Lonely But Not Forgotten: Vietnam’s Ghost Month


The significance of the seventh lunar month

How Vietnam celebrates this festival their own way

Superstitions & beliefs

It may be August on the Gregorian calendar but in Vietnam, the lunar calendar plays a significant role in the culture’s traditions and practises. Besides Tet, the national celebration of a new lunar year, the seventh month of every lunar year is also prominent but for a totally different reason: it’s known as Tháng Cô Hồn, or “the month of lonely spirits”.

The seventh month in this lunar year officially started on August 1st, 2019 and throughout this period many believe that living beings will share our world with spirits of the dead. This belief is taken pretty seriously in East Asia, and that’s also why you may have noticed a higher number of altars and offerings along the already-crowded sidewalks.

So What is the Seventh Month in Vietnam?

Originating from Chinese folk religion, during the seventh month of the lunar calendar the gates of hell open and spirits roam free. This results in a surge of negative energy; in Vietnam, this is known as âm khí.

Therefore, during this period people tend to put off making life decisions such as buying a house, getting married or even relocating.

Things are taken up a notch on the 15th day of the lunar month, because there will be a flurry of activities that day:

Vu Lan Báo Hiếu: or “Mother’s Day”, where people with living mothers bear a red rose and give thanks. Those whose mother has died will choose to wear a white rose and attend prayer vigil services for the deceased.

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Cúng Cô Hồn: the day of the full moon, when a ghost ceremony is held, food is “offered” to the deceased and items are burnt to satisfy the spirits’ needs. These items are large-scale paper models of material possessions such as cars, houses, hell currency notes, and it’s believed that when burnt, they will manifest in the afterlife for the deceased relatives to use. So yes, that will be the only day you get to see a paper model of a Mercedes Benz on fire, and now you’ll understand why.

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Giựt Cô Hồn: Shortly after the ceremony is over, things get crazier when someone starts throwing money down the street. Literally. In this ceremony, it’s tradition for people to physically “steal” the items on offer with the belief that the more items “stolen”, the better the luck for the household. Unsurprisingly, this usually ends up causing a frenzy.

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The Vietnamese Focus

Although this festival is common across East Asia, Vietnam’s version has a few elements that make it unique.

Unlike Singapore or Malaysia, which refer to the period as “hungry ghost month”, in Vietnam it’s known as “lonely spirit month”, which actually sounds less scary. The focus of the month in Vietnam is not just to avoid wandering spirits, but also a time for families to honour their deceased loved ones and ancestors.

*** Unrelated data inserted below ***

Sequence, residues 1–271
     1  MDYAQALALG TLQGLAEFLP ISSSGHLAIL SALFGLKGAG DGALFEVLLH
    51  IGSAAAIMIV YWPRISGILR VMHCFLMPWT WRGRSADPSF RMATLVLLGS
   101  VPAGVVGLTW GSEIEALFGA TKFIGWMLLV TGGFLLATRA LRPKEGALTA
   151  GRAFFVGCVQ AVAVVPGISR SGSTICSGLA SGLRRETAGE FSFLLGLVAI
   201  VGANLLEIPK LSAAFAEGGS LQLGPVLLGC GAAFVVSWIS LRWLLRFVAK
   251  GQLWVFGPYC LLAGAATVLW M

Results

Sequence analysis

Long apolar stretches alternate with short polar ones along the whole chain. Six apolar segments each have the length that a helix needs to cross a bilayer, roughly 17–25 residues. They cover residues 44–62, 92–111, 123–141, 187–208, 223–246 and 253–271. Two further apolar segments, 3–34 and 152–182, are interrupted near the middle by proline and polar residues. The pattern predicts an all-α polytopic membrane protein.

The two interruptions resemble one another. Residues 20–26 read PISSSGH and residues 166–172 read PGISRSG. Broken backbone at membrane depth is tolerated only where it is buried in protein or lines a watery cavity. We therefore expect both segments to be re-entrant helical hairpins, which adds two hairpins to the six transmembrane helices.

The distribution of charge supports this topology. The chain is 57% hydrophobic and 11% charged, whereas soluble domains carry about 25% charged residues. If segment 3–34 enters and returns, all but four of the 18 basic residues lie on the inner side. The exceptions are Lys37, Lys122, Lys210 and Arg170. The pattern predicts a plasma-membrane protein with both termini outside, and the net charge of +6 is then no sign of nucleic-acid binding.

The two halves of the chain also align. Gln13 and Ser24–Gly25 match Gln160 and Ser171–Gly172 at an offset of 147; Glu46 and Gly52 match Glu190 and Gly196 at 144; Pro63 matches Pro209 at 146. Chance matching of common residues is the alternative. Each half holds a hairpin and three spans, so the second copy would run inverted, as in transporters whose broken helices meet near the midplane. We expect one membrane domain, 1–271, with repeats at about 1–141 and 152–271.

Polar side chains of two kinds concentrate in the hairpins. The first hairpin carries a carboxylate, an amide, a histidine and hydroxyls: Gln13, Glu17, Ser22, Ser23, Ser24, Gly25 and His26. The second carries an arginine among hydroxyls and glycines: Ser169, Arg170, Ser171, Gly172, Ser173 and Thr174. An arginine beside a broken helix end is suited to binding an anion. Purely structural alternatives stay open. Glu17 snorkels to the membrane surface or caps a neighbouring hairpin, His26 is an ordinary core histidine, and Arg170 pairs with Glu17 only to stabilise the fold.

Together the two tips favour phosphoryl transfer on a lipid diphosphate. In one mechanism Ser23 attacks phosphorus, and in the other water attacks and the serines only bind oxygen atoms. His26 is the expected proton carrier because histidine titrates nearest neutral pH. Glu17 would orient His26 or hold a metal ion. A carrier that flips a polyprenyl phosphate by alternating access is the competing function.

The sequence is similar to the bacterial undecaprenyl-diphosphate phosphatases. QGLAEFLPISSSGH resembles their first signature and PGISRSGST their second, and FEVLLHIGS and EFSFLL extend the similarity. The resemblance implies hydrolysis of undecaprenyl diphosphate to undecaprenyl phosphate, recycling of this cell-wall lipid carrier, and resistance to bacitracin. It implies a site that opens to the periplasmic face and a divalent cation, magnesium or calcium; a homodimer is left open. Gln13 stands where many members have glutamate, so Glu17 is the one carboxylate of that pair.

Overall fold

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The concept of “offerings” is not to calm down angry spirits out for blood, as per the practice in other countries, but rather to help them and ease their suffering in the afterlife.

Customs in Vietnam

There are many things to do in memory of someone who died during the ghost festival, a series of customs that have been passed down through generations, and there are some taboos to be avoided.

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- Avoid staying out late

As spirits are usually nocturnal, a wandering spirit might just follow you home while you’re in a post-clubbing drunken stupor.

- Avoid wearing red, black or white during the witching hour (3 a.m. to 4 a.m.)

Red and black are colours that generally signify evil, and in this case, if you were to wear either of these colours and happen to be out during that hour, you might attract evil spirits. White is a general colour for ghosts, and although nothing will happen to you, you might end up scaring people, which leads to the next point.

- Do not play pranks

Especially the types where you creep up behind someone and go “boo”. Some locals believe that when someone is frightened, that person’s spirit gets temporarily displaced, and this leaves them prone to “invasion” from a wandering spirit.

- Do not call out your friend’s name in public

You’ll never know if there’s a spirit eavesdropping, and it will remember the person’s name for future reference.

- Avoid swimming

Spirits are also known to lurk in waters, and they might grab you by the ankles to make you join them.

- Do not pick up money

Unless it’s on the 15th day. Otherwise it’s no longer “stealing” but actually stealing, and you might make a spirit mad.

- Do not leave your footwear facing the bed

This might sound a little strange, but if your footwear is pointed towards your bed, you’re unintentionally inviting spirits into bed with you.

- Avoid taking photos at night

Unless you’re planning to start a new Vietnamese version of the TV series Ghost Hunters. In other words, you might see things that are not supposed to be in the picture.

- Avoid making your chopsticks stand in bowls.

This is general etiquette in all Asian cultures, but it’s especially applicable during this month simply because chopsticks only stand in bowls during ceremonies for the dead.

The seventh lunar month is a unique tradition across most Asian countries, including Vietnam, and it’s something that has been practiced for centuries. If you’re interested to know more about the festival and the rituals, feel free to approach a local for a deeper understanding, and remember not to disturb any offerings or altars that you may come across in public. If you’ve accidentally stepped on or kicked something off an altar, do apologise to it like you would to a real person.

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